By: Jennifer Harker

The 30,000 Islands of Georgian Bay is a boater’s dream destination with crystal clear waters, endless anchorages, amazing angling opportunities, outstanding scenery and diverse wildlife and vegetation. It is also a United Nations Educational Scientific and Cultural Organization (UNESCO) world biosphere reserve, a designation awarded in 2004 after seven years of intensive work by a collective of cottagers, boaters, residents, First Nations representatives and organizations with support from government agencies.

Established in 1998, the Parry Sound based non-profit organization Georgian Bay Biosphere Reserve Inc. includes geographically diverse volunteers from all walks of life who share a common ‘Georgian Bay feeling’. It continues to facilitate vital community partnerships and fulfill the biosphere mandate.

Communications manager Dr. Becky Pollock said, “When people ask why we were designated, we like to tell them that we had to meet strict international criteria relating to the quality of the ecosystems here and the potential for conservation and sustainable development.”

Around the globe there are over 600 biosphere reserves in 117 countries with 16 of these living laboratories and platforms for sustainable development in Canada, including the Georgian Bay Biosphere. Considered the world’s largest freshwater archipelago, this biosphere encompasses 347,269 hectares of shoreline ecosystem stretching over 200 km from the Severn River at its southern edge to the French River in the north. Bordered by the Highway 69/400 corridor in the east, its western edge extends out into Georgian Bay to the Limestone Islands Nature Reserve although the boundaries are considered flexible and can change over time.

In all over 100 different types of habitat have been identified that support staggering diversity  including 170 breeding bird species, 44 different types of mammals and 34 species of reptiles and amphibians earning it a reputation as a herpetological hotspot. Pollock said, “When we speak with student groups, we compare the Georgian Bay in their backyard as the ‘Galapagos of the North’ – which is to say that we are unique on the planet and we host one of the highest populations of reptiles and amphibians in Canada.”

Conservation of ecosystems, biodiversity, genetic variation, species and landscapes is key to a successful nomination under UNESCO’s Man and Biosphere program, established in 1970. Along with conservation, sustainable development – both economic and human – and support for education, research, training and monitoring form the group’s mandate. Pollock explained, “Biosphere reserves require core areas that have legal protection, in our case: one national and several provincial parks, and biodiversity should be protected across the entire landscape i.e., not just in parks. We are blessed to have a large percentage of Crown Lands and islands that greatly increase the protection values of our area. There are much lower rates of habitat fragmentation by roads here so far, for example, which greatly enhances the biodiversity – certainly for species at risk, like our turtles and snakes.”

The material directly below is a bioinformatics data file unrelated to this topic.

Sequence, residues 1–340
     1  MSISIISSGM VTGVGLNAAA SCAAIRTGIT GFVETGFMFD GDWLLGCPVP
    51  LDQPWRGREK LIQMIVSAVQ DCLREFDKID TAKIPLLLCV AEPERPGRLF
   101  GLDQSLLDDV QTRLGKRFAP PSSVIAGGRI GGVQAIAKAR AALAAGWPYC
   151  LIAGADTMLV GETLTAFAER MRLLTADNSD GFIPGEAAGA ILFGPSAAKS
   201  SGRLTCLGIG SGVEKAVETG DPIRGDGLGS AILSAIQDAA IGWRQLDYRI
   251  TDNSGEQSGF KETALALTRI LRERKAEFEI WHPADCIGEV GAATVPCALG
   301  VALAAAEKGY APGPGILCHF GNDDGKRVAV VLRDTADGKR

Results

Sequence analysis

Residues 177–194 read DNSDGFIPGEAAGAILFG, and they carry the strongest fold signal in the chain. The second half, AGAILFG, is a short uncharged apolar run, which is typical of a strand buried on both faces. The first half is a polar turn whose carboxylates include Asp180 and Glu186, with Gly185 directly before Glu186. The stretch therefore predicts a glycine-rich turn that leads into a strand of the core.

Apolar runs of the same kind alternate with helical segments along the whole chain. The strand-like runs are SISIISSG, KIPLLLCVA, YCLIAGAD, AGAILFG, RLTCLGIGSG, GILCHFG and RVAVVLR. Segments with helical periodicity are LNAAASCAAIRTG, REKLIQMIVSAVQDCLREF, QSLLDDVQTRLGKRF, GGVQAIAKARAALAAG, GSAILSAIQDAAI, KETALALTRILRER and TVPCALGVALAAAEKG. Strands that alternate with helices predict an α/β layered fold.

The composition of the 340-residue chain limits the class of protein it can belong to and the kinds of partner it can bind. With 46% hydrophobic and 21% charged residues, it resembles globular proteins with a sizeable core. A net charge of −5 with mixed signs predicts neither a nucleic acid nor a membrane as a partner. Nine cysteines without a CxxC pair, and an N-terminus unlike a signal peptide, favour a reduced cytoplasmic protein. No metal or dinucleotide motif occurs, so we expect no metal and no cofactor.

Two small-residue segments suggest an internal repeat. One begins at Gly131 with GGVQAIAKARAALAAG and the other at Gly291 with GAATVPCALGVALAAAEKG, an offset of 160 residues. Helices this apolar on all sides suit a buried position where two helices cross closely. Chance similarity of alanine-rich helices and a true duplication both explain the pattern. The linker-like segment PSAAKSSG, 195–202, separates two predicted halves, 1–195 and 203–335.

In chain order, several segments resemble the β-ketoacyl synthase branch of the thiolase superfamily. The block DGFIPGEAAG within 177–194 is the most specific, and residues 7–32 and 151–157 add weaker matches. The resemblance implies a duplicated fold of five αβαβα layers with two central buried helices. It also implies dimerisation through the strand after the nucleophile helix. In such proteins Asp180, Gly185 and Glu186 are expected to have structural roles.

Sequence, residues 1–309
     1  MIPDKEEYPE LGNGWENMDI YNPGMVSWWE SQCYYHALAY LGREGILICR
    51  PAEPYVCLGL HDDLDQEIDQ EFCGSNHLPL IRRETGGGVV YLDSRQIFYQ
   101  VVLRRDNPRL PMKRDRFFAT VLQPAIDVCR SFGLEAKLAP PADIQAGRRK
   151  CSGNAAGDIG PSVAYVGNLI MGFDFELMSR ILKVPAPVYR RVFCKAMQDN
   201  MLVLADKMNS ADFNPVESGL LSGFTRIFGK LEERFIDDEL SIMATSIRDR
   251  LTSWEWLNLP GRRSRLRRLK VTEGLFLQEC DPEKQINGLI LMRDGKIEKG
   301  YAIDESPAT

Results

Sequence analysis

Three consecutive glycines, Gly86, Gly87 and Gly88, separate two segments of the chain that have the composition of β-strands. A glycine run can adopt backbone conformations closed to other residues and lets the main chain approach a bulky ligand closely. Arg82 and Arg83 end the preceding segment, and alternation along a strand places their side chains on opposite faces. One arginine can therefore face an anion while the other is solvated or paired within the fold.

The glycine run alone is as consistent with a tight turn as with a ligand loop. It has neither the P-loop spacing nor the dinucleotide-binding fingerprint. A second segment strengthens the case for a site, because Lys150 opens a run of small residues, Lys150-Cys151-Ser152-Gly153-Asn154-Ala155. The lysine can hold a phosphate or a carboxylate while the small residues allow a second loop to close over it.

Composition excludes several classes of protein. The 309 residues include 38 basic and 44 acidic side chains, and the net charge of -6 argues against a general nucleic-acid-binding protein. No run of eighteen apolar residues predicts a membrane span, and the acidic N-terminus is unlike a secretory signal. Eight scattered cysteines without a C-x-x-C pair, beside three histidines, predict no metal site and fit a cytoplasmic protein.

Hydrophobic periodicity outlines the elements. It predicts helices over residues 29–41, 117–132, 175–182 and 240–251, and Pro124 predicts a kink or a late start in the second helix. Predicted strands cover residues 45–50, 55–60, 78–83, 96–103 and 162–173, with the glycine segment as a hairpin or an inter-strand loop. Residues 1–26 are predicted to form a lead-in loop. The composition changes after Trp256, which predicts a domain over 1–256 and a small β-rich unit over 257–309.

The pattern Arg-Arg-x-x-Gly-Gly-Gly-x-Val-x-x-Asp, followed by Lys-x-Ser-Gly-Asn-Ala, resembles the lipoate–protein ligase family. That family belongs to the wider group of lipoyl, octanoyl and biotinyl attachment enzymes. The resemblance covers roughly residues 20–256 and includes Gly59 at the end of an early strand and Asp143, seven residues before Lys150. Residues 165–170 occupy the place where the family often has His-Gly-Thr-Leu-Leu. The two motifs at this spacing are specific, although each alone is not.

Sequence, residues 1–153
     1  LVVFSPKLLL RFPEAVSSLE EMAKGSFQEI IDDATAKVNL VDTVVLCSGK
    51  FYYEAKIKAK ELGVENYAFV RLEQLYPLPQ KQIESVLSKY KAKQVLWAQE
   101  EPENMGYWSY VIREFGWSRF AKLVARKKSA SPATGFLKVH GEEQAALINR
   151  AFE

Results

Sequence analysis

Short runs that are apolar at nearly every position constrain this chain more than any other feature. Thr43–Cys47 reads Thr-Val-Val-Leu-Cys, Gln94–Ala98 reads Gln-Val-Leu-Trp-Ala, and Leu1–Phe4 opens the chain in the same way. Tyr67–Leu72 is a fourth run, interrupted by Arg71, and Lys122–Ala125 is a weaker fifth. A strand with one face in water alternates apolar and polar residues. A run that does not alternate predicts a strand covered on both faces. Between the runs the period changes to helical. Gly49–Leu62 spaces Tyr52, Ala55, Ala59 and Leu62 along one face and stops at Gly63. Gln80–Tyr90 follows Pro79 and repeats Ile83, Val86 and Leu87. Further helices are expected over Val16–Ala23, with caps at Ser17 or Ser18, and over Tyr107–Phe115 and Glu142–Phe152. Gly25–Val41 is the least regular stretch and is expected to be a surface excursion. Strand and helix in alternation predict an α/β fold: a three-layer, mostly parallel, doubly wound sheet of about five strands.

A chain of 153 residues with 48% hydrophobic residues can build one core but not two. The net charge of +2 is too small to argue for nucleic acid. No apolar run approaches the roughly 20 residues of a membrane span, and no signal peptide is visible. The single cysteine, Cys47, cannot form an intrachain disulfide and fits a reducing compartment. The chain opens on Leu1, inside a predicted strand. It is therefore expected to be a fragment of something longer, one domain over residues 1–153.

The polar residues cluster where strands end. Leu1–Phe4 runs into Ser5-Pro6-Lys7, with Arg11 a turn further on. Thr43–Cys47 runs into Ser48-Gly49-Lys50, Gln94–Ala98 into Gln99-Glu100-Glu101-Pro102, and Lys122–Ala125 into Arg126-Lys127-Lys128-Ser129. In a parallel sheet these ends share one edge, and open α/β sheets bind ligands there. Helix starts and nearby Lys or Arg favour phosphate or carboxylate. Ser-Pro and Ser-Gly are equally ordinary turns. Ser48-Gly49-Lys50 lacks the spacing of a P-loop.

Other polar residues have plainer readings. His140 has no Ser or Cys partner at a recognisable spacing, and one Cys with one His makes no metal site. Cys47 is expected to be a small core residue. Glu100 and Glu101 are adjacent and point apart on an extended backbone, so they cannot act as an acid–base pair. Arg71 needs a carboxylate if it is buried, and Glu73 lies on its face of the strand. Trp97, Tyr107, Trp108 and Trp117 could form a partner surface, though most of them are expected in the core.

Although the designation has no legal power to prevent development or stop malpractice, Pollock maintains it is still vital to create what she terms good moral suasion. “It is the environmental consciousness for the community. A Biosphere Reserve designation creates a sense of pride, and pride of place. It is an international recognition of special places. It provides a framework for thinking about environment and development in a particular place, for the present, and for future generations.”

She said although Georgian Bay is considered to be in good condition compared to other Great Lakes, “There are still a number of threats and pressures to ecosystem health, including: invasive species, climate change, water levels, and development including roads and shoreline alteration.”

The UNESCO designation has positively altered habits and perceptions. “Some property owners are more informed about why their land has ecological value,” Pollock said. “Some residents and cottagers are more engaged in best practices, after we have provided them with information and training. Some have said, ‘I want my grandchildren to learn this, so they can take good care of this place.’ Boaters are often as passionate about the bay as any other group; and some marinas are in a position to point out the significance of the designation.”